Healdsburg City Council said Monday they are satisfied with a proposal to revise the city's 2000 Growth Management Ordinance to allow more flexibility in new home building.
Council voted 4 to 0, with one member absent, to have language drafted for a ballot measure on the revisions to present to voters at a regular election in either 2013 or 2014.
"Our goal was not to just open the city up to rampant development," said Councilman Tom Chambers, chair of a committee that studied the possible revisions over the past year.
"Our challenge was how to have a housing component that he said. "Then, we had to have a plan that everyone liked."
City Council's actions on Monday were based on
Chambers said some of the concern was that if the city did not allow for a reasonable diverse housing mix in the planned central-south Healdsburg "gateway" or Central Healdsburg Avenue Special Study Area, that large hotel developers could come in to fill the gap.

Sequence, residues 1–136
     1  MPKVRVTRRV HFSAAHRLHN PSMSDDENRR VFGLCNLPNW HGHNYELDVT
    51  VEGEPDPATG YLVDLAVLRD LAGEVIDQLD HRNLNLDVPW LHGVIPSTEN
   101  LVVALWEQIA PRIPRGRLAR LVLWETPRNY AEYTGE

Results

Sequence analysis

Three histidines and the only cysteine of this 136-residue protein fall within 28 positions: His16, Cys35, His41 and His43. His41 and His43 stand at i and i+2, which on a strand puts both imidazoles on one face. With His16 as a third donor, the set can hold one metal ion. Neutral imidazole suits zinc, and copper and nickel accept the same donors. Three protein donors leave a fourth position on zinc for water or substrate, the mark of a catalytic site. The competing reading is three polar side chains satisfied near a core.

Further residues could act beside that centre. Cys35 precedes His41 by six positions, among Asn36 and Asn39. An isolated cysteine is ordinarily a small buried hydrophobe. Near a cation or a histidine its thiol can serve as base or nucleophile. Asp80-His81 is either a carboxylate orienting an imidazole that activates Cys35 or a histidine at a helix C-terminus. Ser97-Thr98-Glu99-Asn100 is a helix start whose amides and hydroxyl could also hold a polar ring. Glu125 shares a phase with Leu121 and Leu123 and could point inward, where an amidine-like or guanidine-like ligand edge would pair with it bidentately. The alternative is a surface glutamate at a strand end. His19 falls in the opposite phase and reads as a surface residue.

The ballot measure proposal, triggered by a housing need uncovered during the two-year-long CHASSA process, would apply to the entire city. Chambers was also chair of the CHASSA committee, which met for about two years before postponing its final redevelopment blueprints for the Healdsburg Gateway area to allow for the city to address the housing growth issue.
"There're a lot of issues in this town, but economy and growth are probably the top two on everyone's list," said civic volunteer and columnist Ray Holley, who also served on both the CHASSA committee and the Growth Managment Ordinance committee. "It was important that we got to this point through a long and arduous process."
Under the proposed ballot measure, Healdsburg's 2000 Growth Management Ordinance would be amended as follows:
--A starting "bank" of 60 housing unit permits.
--30 additional permits added per year.
--No "use it or lose it" provision.
--Total 226 units allowed over 15 years.
--Amendment sunsets after 15 years.
Although J of the current committee looking at revisions, he was an active participant at the meetings.
On Monday, Winston told the Press Democrat he was pleased and satisfied at the results.
"We ended up with something that made sense for the community," he told the newspaper.
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